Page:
Food Donation and Food Scraps Recycling Law Goes into Effect

In the United States, 40 percent of the food produced or processed is thrown away, equaling about 58 billion wasted meals, according to Waste 360. In New York alone, 3.9 million tons of food is wasted. According to the national Conference of State Legislatures, the United States spends approximately $218 billion each year to grow, handle, deliver and dispose of uneaten food. Food waste makes up 18 percent of the solid waste stream deposited into landfills, the largest component of municipal landfills, and when that food waste breaks down, it creates methane, the most potent greenhouse gas, according to the Natural Resources Defense Council. Food waste represents five percent of greenhouse gas emissions in the United States. But regardless of so much wasted food, the NRDC states that one in six Americans are food insecure, with 2.5 million New Yorkers struggling to find enough to eat. To address these concerns, New York recently adopted a food donation and food scraps recycling law.

Effective as of January 1, 2022, this new State law, codified at NY CLS ECL, Art. 27, Title 22 (the “Act”), requires businesses and institutions that generate an annual average of two (2) tons of wasted food per week or more to: (1) donate excess edible food to local food banks; and (2) recycle all remaining foodwaste and scraps if they are within twenty-five (25) miles of an organics recycler.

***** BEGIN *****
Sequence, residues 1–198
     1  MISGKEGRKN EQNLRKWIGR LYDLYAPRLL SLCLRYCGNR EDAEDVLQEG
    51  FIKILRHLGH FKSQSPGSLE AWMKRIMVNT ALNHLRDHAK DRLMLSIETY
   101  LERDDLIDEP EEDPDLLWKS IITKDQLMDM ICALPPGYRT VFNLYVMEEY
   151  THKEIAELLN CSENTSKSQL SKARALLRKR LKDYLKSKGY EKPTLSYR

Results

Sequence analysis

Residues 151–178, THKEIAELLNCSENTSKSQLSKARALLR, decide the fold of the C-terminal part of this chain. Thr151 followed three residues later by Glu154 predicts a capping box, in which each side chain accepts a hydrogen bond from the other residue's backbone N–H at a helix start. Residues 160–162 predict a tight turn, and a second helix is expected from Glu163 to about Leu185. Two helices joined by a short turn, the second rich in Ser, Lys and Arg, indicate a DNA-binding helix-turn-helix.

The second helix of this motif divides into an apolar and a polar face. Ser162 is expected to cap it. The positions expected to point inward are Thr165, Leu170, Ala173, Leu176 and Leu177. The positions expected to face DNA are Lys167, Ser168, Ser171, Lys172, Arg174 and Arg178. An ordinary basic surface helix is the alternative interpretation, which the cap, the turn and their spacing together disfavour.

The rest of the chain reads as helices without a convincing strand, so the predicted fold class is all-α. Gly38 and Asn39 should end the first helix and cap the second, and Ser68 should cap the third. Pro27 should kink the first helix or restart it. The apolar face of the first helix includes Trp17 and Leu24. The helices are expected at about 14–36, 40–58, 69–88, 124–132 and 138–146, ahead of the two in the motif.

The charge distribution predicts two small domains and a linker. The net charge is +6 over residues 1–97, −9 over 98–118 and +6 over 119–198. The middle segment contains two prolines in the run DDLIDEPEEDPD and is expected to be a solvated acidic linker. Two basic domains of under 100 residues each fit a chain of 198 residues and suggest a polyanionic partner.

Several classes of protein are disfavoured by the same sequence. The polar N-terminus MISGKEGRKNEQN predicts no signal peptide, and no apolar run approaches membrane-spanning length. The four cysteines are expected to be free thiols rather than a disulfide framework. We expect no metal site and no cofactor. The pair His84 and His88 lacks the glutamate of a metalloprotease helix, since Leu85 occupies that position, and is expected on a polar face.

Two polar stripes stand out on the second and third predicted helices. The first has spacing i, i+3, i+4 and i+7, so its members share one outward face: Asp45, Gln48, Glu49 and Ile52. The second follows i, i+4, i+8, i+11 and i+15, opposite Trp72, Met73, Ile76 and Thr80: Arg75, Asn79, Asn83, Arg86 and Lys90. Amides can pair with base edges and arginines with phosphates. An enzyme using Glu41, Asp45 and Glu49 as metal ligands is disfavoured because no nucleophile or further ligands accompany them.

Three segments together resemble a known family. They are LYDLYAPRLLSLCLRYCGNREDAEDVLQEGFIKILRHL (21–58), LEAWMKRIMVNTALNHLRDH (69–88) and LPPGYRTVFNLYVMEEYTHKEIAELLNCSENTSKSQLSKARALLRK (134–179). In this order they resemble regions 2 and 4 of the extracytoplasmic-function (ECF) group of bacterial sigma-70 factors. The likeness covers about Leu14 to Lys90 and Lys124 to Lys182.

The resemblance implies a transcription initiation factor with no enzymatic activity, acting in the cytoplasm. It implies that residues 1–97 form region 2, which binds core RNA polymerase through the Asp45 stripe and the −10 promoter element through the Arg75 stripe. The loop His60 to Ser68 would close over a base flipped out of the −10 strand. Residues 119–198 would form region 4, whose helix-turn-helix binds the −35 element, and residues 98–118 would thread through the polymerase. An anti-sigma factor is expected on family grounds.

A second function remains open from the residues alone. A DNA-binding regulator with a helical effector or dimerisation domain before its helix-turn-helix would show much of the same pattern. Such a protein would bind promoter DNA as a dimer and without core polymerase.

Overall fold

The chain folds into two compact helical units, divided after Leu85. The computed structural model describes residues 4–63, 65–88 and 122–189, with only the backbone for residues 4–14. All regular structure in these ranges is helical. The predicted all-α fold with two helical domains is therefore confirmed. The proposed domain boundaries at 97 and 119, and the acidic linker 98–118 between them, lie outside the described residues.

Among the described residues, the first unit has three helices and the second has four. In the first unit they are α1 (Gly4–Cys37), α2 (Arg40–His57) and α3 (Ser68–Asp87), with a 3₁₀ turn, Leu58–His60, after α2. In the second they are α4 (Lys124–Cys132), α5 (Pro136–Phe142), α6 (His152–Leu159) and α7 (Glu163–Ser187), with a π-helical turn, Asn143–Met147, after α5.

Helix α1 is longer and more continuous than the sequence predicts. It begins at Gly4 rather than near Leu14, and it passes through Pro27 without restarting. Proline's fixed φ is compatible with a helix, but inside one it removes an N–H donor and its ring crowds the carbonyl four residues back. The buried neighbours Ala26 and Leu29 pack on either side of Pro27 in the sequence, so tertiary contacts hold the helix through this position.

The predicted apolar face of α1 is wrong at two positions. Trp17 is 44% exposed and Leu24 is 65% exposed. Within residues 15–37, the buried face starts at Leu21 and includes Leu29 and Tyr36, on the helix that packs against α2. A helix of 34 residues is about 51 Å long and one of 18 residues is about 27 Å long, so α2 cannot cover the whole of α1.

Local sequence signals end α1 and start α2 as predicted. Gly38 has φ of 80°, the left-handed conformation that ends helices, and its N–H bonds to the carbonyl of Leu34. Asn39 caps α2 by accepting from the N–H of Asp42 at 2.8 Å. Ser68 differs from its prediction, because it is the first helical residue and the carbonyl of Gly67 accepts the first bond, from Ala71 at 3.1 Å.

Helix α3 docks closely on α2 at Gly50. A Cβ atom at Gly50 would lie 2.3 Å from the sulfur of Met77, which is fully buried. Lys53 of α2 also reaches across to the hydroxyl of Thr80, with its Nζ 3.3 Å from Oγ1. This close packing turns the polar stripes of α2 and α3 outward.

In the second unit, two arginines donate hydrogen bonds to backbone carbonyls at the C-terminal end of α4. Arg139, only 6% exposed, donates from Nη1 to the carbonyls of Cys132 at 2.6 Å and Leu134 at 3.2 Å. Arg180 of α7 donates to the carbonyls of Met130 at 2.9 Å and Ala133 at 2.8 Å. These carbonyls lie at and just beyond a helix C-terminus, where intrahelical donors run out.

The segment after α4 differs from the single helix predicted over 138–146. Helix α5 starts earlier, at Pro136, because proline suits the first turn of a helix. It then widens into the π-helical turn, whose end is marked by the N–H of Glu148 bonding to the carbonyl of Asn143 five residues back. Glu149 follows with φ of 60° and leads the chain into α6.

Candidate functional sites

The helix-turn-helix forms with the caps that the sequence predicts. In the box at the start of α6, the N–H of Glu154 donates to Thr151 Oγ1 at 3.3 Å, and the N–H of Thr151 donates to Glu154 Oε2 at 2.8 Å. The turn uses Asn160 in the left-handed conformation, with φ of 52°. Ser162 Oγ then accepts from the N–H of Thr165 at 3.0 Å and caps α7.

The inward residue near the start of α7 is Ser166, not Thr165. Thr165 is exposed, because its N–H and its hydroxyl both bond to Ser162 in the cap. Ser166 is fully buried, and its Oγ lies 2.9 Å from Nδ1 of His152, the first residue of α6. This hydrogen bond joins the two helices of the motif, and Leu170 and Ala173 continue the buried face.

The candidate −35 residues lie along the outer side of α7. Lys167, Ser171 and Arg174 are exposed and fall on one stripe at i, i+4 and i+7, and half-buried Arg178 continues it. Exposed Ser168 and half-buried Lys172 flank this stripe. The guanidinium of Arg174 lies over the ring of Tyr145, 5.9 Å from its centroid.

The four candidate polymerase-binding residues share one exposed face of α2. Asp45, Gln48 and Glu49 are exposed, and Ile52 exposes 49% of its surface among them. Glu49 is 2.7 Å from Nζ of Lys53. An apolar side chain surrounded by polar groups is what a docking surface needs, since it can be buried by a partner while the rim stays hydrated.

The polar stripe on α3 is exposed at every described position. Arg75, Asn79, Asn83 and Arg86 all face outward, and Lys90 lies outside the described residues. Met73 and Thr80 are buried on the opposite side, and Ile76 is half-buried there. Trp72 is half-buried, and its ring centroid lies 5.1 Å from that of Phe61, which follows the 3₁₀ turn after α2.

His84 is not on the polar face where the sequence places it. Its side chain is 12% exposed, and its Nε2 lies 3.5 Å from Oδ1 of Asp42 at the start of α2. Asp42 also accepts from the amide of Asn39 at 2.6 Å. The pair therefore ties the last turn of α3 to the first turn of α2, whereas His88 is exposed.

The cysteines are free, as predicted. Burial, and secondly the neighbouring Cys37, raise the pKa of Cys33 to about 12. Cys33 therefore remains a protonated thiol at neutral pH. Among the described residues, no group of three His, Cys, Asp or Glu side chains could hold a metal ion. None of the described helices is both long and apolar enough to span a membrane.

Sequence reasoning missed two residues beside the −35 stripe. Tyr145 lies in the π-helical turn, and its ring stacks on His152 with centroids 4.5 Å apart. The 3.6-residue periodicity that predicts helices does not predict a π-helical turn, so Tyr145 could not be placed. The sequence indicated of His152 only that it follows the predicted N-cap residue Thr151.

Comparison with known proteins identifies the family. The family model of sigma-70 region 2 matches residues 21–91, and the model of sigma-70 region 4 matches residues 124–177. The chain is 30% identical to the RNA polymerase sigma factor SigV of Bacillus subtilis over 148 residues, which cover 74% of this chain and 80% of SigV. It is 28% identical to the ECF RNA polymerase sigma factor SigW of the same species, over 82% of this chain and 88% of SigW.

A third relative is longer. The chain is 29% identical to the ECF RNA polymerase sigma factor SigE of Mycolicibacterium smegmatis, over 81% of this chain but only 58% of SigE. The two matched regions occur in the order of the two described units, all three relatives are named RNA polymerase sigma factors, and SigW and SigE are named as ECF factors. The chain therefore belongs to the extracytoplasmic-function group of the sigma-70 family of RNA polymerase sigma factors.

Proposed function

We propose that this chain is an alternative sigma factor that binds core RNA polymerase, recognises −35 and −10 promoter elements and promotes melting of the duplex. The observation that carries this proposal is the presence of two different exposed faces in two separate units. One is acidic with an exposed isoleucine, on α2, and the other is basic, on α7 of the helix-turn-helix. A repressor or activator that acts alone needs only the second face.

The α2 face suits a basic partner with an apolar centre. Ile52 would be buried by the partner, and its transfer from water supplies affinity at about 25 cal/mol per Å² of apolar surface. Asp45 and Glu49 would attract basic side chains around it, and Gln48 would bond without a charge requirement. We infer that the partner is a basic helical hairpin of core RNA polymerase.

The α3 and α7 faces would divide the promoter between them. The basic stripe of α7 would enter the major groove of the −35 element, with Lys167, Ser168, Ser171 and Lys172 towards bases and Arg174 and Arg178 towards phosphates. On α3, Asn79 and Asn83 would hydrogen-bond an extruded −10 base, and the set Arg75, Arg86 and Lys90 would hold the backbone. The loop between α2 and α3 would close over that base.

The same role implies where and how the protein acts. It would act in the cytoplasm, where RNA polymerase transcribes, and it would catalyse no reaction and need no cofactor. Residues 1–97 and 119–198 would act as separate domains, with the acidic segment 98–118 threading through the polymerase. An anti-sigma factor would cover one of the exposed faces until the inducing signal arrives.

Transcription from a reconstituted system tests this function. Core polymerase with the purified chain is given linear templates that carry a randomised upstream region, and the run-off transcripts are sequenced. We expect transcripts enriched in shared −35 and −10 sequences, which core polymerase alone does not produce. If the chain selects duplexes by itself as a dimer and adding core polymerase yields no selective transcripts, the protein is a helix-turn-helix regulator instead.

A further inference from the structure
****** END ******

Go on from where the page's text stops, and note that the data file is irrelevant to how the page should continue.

Facilities qualifying as organic recyclers under the Act are those that recycle food scraps through use as animal feed, rendering, land application, composting, aerobic digestion, anaerobic digestion, fermentation or ethanol production. According to the Act, “the product or material created by the recycling of food scraps must be used in a beneficial manner, and cannot be landfilled or combusted, unless otherwise approved by the department.”

Generators exempt from the new regulations include those who are within New York City (where a local ordinance regarding the diversion of food scraps already exists), hospitals, nursing homes, adult care facilities, K-12 schools and farms. The purpose of the Act is to increase the donation of wholesome food to those in need and reduce the amount of food waste that ends up in landfills each year. According to the New York State Department of Environmental Conservation, roughly 250,000 tons of food would be diverted from landfills each year.